After the Tsunami: Going the Long Last Mile in Sri Lanka

hazlnfo-video-j-a-malani-hambantota.jpg

This is J A Malani. She’s an ordinary Sri Lankan woman living in Hambantota, on the island’s southern coast. Several hundred people in her town perished when the Indian Ocean Tsunami arrived on 26 December 2004 without any public warning. When the waves finally stopped their hammering, close to 40,000 people were dead or missing in the biggest disaster the island nation experienced.

Survivor Malani and her neighbours – lucky to be alive – are naturally apprehensive about when the next disaster might arrive, in what form and from where.

And this time around, too, they worry whether there would be anyone to warn them about it.

There just might be. Since the big tsunami three years ago, several Sri Lankan telecom operators, civil society organisations, IT companies and researchers have come together to test out a community-based hazard warning system — one that would prevent the repetition of the nasty surprise Malani’s community experienced not too long ago.

‘Evaluating Last Mile Hazard Information Dissemination Project’ (HazInfo project for short) was an action research project by LIRNEasia to find out how communication technology and training can be used to safeguard grassroots communities from disasters. It involved Sarvodaya, Sri Lanka’s largest development organisation, and several other partners, and was supported by International Development Research Center (IDRC) of Canada.

The project studied which information and communications technologies (ICTs) and community mobilisation methods could work effectively in disseminating information on hazards faced by coastal communities. The exercise was not confined to tsunamis alone; other rapid onset disasters such as cyclones and floods were also covered.

In its first phase, the project worked in 32 chosen coastal villages (all impacted by the tsunami) and mobilised local communities from muslim, Sinhala and Tamil backgrounds. Malini’s community was among those participating in this field testing of an approach that Sarvodaya hopes to roll out progressively to all 15,000 villages they work in.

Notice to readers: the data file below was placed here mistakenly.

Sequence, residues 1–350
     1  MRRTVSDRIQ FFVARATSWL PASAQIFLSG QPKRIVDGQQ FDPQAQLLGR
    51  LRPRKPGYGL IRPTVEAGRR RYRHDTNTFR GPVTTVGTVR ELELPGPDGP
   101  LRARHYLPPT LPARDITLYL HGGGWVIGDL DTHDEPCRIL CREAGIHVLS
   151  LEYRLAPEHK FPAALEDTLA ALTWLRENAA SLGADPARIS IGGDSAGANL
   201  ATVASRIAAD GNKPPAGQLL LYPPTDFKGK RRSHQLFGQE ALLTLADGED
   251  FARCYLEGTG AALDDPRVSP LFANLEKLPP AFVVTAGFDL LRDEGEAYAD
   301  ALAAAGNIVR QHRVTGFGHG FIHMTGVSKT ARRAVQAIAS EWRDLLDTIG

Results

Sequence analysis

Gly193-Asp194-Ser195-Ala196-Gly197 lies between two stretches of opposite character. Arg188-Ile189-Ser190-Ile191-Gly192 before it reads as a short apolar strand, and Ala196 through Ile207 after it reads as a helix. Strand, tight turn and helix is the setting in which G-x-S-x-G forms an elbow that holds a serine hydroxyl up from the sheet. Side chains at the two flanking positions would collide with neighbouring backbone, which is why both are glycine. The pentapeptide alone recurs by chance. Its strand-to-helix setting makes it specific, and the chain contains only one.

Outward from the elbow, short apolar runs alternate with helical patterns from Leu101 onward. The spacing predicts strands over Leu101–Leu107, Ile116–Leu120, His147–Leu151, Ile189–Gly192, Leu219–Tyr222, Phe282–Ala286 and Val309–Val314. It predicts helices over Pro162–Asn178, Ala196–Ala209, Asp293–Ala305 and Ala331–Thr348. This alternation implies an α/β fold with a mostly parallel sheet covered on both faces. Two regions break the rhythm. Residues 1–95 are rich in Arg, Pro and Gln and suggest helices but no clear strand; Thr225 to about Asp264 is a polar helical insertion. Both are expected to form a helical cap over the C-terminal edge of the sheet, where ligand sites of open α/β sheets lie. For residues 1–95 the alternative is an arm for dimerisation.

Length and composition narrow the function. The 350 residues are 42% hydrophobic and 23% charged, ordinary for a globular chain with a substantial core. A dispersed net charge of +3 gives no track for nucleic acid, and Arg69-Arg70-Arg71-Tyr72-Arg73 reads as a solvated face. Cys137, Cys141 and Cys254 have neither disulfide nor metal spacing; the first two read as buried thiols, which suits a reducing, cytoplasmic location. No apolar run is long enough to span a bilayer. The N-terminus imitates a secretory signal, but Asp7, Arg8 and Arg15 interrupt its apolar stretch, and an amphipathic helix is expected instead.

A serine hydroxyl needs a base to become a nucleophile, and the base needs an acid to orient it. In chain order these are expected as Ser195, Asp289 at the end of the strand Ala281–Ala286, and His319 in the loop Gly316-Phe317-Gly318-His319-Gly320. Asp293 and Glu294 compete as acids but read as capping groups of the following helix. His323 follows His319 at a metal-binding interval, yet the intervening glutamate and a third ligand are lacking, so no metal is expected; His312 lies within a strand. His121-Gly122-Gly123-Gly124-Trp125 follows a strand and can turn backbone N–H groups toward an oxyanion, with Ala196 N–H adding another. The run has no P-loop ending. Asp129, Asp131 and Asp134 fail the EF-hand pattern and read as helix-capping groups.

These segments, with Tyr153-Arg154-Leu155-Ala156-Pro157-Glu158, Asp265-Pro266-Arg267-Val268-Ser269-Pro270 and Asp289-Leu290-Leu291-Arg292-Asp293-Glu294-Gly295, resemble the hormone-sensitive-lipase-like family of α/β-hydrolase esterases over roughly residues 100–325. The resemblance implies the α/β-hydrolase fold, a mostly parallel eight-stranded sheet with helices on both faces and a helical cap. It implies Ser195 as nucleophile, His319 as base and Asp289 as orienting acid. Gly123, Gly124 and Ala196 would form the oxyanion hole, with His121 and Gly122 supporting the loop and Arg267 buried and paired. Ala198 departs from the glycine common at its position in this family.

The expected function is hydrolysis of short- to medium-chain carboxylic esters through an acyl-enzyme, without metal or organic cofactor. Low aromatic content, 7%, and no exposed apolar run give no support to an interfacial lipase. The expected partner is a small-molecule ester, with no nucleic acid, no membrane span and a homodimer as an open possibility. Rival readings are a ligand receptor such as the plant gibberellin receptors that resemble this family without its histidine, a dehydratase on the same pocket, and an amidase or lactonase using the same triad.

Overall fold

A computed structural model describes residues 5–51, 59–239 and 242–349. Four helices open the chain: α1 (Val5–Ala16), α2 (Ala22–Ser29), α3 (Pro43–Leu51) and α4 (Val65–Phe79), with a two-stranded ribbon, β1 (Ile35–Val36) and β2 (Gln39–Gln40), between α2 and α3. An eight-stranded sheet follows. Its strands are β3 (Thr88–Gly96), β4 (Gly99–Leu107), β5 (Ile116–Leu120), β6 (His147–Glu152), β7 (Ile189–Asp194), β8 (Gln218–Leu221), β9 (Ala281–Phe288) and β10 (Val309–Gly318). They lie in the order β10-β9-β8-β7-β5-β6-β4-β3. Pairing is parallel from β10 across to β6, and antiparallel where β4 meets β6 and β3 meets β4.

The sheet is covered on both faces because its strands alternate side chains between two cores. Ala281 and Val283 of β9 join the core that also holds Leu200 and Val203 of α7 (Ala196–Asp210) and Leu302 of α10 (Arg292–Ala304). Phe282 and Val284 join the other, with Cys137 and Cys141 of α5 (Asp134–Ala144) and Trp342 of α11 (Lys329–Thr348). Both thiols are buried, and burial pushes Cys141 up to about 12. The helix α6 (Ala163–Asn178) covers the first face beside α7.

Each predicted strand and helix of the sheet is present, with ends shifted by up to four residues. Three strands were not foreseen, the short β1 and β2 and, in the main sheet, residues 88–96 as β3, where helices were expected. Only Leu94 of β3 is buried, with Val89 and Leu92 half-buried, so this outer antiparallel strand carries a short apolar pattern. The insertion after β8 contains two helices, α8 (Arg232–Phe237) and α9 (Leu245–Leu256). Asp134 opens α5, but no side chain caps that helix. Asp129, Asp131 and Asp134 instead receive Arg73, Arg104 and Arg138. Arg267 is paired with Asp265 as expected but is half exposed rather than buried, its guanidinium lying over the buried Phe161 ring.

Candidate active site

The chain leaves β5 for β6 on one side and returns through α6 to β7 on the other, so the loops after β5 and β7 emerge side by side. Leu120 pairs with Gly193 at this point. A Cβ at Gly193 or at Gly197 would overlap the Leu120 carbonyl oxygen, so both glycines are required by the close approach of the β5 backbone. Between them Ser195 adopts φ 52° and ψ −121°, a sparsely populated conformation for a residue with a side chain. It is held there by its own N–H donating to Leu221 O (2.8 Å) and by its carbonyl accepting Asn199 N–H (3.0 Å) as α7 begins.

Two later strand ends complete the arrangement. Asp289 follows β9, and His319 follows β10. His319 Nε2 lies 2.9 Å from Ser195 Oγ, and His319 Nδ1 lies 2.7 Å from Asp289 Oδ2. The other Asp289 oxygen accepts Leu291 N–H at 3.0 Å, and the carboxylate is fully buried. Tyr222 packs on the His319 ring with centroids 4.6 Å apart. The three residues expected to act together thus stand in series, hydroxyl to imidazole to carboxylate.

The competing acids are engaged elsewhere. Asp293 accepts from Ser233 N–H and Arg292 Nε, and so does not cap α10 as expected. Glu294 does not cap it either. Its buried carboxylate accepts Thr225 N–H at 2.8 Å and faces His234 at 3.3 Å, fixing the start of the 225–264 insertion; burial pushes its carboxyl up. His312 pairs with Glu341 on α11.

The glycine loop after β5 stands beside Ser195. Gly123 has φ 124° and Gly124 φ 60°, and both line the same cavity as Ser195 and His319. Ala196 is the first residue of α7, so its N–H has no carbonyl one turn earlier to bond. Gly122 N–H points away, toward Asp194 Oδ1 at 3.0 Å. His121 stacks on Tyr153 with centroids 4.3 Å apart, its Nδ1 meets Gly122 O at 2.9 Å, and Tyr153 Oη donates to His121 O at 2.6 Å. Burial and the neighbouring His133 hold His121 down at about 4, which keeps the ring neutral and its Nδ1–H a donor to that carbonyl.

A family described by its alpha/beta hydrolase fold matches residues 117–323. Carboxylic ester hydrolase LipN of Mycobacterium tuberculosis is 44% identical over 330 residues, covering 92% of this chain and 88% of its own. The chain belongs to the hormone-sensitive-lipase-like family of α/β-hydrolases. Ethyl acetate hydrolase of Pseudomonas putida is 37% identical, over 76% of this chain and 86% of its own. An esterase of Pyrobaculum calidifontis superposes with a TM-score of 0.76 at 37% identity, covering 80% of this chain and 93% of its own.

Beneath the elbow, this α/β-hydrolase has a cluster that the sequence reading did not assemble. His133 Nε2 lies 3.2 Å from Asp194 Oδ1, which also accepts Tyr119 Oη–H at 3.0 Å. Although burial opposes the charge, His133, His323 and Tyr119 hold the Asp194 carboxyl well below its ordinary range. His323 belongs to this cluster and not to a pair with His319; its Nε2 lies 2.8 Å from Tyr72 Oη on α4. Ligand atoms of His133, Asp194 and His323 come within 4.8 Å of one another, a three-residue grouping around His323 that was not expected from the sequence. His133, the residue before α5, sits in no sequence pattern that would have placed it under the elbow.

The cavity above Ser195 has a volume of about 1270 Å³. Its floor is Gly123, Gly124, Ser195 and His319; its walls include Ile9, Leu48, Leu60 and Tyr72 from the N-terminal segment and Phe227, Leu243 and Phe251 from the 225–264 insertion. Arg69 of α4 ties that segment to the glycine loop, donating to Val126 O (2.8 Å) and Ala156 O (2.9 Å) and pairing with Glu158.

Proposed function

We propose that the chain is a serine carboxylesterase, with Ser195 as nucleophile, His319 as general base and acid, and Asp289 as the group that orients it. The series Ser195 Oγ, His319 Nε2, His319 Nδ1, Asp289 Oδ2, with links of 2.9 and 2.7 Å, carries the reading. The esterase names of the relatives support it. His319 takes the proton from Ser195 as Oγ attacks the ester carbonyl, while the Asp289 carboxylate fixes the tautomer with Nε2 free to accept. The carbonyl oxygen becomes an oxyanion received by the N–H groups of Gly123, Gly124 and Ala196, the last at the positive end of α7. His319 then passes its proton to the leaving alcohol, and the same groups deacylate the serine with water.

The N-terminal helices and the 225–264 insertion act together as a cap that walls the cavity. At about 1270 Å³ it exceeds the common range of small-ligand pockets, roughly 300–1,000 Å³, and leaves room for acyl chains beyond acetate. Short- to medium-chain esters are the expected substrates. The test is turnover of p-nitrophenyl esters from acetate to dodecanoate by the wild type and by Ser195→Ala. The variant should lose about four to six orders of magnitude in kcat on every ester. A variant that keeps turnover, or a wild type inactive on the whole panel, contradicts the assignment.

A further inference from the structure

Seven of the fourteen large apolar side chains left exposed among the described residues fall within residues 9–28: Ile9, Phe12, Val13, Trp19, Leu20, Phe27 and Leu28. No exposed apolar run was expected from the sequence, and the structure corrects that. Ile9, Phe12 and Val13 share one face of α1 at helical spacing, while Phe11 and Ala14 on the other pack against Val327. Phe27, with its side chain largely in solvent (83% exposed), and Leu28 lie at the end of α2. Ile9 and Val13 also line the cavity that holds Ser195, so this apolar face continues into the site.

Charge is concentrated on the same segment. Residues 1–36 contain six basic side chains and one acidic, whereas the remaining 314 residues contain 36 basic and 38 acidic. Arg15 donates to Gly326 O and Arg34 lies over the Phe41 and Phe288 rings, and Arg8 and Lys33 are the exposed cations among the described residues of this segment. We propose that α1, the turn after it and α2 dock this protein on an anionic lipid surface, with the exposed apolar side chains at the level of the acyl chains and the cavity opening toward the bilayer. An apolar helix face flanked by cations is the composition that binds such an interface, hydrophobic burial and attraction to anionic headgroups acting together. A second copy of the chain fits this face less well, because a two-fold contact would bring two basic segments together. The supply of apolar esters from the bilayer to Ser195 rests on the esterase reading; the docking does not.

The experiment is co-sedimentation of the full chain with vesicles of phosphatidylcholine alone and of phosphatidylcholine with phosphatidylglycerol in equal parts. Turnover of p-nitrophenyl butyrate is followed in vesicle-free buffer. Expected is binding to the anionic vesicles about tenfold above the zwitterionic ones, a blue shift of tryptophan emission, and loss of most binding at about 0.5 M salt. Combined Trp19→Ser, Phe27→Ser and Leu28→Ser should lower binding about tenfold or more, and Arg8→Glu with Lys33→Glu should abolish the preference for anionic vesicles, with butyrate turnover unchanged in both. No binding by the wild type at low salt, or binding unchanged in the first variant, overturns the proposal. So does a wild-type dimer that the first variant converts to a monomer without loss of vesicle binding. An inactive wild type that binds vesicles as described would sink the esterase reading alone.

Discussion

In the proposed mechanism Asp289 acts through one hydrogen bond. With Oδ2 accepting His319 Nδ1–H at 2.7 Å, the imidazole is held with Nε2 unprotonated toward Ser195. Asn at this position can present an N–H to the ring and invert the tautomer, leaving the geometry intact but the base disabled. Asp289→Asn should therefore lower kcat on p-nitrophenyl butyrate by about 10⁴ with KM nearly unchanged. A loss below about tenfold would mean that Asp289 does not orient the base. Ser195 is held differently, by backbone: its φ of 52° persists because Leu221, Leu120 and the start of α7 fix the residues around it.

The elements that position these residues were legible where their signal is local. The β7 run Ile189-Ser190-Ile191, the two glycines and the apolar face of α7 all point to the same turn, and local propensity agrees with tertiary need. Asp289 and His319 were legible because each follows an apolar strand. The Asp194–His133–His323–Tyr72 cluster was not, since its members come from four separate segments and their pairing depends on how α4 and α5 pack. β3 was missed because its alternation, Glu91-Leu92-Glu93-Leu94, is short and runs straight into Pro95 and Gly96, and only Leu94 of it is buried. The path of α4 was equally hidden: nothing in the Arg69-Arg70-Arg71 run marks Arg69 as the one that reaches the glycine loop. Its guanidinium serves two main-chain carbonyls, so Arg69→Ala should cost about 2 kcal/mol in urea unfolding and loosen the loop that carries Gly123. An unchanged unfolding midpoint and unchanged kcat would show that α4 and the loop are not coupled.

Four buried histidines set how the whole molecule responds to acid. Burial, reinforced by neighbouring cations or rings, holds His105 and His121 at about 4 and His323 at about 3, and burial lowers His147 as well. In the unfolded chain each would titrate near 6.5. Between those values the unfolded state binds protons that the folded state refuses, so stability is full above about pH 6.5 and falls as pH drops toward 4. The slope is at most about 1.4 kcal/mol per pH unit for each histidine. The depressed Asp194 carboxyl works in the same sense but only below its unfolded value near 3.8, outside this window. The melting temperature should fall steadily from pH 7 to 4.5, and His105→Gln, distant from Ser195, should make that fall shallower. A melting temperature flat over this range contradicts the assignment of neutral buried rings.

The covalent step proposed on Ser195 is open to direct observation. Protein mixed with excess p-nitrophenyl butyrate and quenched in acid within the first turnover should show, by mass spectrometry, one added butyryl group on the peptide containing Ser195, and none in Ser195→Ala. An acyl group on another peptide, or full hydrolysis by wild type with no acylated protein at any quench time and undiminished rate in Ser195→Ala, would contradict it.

That initial engagement by itself was reassuring to Malani. “This has helped us to get rid of fear and hesitation in our minds,” she said in a television interview recorded some weeks ago. “Now we know what we should do when a disaster strikes.”

That peace of mind is priceless to any human being, and that knowledge is liberating – particularly to one who has survived a major disaster that came from nowhere.

Malani is one of several beneficiaries featured in a 12-minute film TVE Asia Pacific recently produced. Several other participants from different coastal locations expressed similar views — and hopes that next time around, they will not be taken unawares.

The Long Last Mile can be viewed on YouTube in two parts:

The Long Last Mile, part 1 of 2:

The Long Last Mile, part 2 of 2:

LIRNEasia researchers analysed how each ICT tool or combination was integrated into communities to deliver timely warnings to those designated as first responders. The factors needed for efficient functioning of the hazard information hub were also studied. Read detailed findings and analysis here.

The HazInfo project grew out of a participatory concept paper that LIRNEasia developed in the aftermath of the 2004 tsunami. It noted that a national early warning system was a ‘pure public good’, and the responsibility of its supply would normally fall on the government. However, the paper acknowledged that, due to lack of capacity, “it is unlikely that the last mile of such a system will be provided by the local government or private firms operating in the marketplace”.

I have written a whole chapter on this project, titled Bridging the Long Last Mile, in Communicating Disasters: An Asia Pacific Resource Book (co-edited by Nalaka Gunawardene and Frederick Noronha). Read that chapter here:

bridging-the-long-last-mile-final-text-formated.pdf

Advertisements

Leave a Reply

Fill in your details below or click an icon to log in:

WordPress.com Logo

You are commenting using your WordPress.com account. Log Out /  Change )

Google+ photo

You are commenting using your Google+ account. Log Out /  Change )

Twitter picture

You are commenting using your Twitter account. Log Out /  Change )

Facebook photo

You are commenting using your Facebook account. Log Out /  Change )

w

Connecting to %s

This site uses Akismet to reduce spam. Learn how your comment data is processed.

%d bloggers like this: